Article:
A defense attorney representing an industrial supplier in a pending asbestos appeal before the Pennsylvania Supreme Court believes that the Supreme Court is likely to change the state’s law to import negligence concepts into products liability law.
The Supreme Court granted allocatur in an asbestos case on Feb. 27 to consider if concepts of negligence should be imported into Pennsylvania’s products liability law by the application of Section 2 of the American Law Institute’s Restatement (Third) of Torts in place of Section 402A Restatement (Second) of Torts.
In an interview a few weeks ago, Robert B. Lawler, of counsel with Wilbraham, Lawler & Buba and an attorney representing I.U. North America, which sought allocatur in Bugosh v. I.U. North America Inc., said he has this confidence of success because “three justices commented acidly and strongly” in the 2003 Phillips v. Cricket Lighters case that Pennsylvania’s law regarding strict liability and the Restatement (Second) of Torts needed to be updated. That opinion was written by Justice Thomas G. Saylor and joined by Justice J. Michael Eakin and now Chief Justice Ronald D. Castille. The opinion that won out that day in the Supreme Court was written by former Chief Justice Ralph J. Cappy and directed that negligence concepts can’t be imported into strict liability law. (Lawler wasn’t available for an interview when The Legal first wrote about the Supreme Court granting allocatur.)
In its allocatur brief, I.U. North America argued that as the descendant company of industrial supplier Pittsburgh Gage & Supply Co., which primarily sold non-asbestos products, that it shouldn’t be held liable for the plaintiff’s asbestos exposure when other major defendant-manufacturers are now bankrupt. I.U. North America also argued that the Restatement (Third) of Torts should be applied in its case to focus strict liability claims onto the lack of care by manufactures, not suppliers.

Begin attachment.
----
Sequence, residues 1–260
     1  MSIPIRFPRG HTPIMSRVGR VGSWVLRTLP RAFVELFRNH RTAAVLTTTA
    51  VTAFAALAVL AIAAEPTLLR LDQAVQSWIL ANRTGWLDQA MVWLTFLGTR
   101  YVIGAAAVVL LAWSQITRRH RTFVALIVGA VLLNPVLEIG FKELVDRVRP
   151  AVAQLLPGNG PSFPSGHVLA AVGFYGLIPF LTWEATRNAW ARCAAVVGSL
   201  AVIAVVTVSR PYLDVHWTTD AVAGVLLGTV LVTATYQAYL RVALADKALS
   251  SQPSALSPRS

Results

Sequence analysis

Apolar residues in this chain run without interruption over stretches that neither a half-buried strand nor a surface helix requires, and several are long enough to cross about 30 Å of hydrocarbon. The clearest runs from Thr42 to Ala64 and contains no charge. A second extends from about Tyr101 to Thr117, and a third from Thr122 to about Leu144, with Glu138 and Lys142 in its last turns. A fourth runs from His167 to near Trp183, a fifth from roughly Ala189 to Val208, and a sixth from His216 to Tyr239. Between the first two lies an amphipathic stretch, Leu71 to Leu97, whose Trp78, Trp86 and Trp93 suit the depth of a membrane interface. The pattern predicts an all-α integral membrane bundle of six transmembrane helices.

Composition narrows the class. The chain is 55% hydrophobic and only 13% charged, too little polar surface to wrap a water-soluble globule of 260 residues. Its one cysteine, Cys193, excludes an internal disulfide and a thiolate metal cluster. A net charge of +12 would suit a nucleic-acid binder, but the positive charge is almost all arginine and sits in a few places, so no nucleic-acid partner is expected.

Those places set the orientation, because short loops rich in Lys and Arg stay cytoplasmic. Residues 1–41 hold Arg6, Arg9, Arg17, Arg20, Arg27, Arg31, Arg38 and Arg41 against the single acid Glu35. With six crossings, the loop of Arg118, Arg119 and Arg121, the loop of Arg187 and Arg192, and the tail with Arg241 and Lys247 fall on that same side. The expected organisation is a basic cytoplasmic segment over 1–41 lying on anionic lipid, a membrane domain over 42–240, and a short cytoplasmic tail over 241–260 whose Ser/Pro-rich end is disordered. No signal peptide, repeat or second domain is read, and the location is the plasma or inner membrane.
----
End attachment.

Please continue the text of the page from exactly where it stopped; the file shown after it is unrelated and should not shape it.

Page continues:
Lawler said at least three of the justices, because allocatur was granted, must have evaluated the justice of strict liability for many defendants only tangentially connected to plaintiffs injured in cases and driven into bankruptcy when facing hundreds, even thousands of claims.
Under Restatement (Second) of Torts and strict liability, “it’s quite a burden for the courts to impose on a certain supplier,” Lawler said. “That they’re now obliged to know the dangers of each and every product they’re shipping.”
If a supplier receives thousands of products, and just one of them is extremely dangerous: “How in the world are you going to know about that one product, yet according to strict liability case law you’re responsible,” Lawler said.
While plaintiffs’ attorneys and some legal thinkers are concerned about importing negligence into this area of Pennsylvania law, Lawler argues, “There has to be an element of fairness. Strict liability is favorable to the plaintiff and difficult for the defense … once your product is determined to be unusually dangerous you’re automatically responsible for it, even if you didn’t make it.”
Lawler said amicus counsel in the case include the Pennsylvania Defense Institute and the Product Liability Advisory Council, an association of 120 product manufacturers and product liability defense attorneys that bills itself as a tort reform group of product liability law.
Earlier this year, the 3rd U.S. Circuit Court of Appeals asked the Supreme Court in a certification on a question of law to address the permissible scope of bystander recovery under Pennsylvania’s products liability law for a little girl whose left foot was mangled by a lawn mower driven by her grandfather.
The Berrier v. Simplicity Manufacturing case involves the question of the importation of negligence into a strict liability claim: whether a bystander injured by a consumer product — and who is not the intended user of a product used in an intended manner — may pursue a strict liability claim against the manufacturer. That case is still pending.
–Amaris Elliott-Engel, Staff Reporter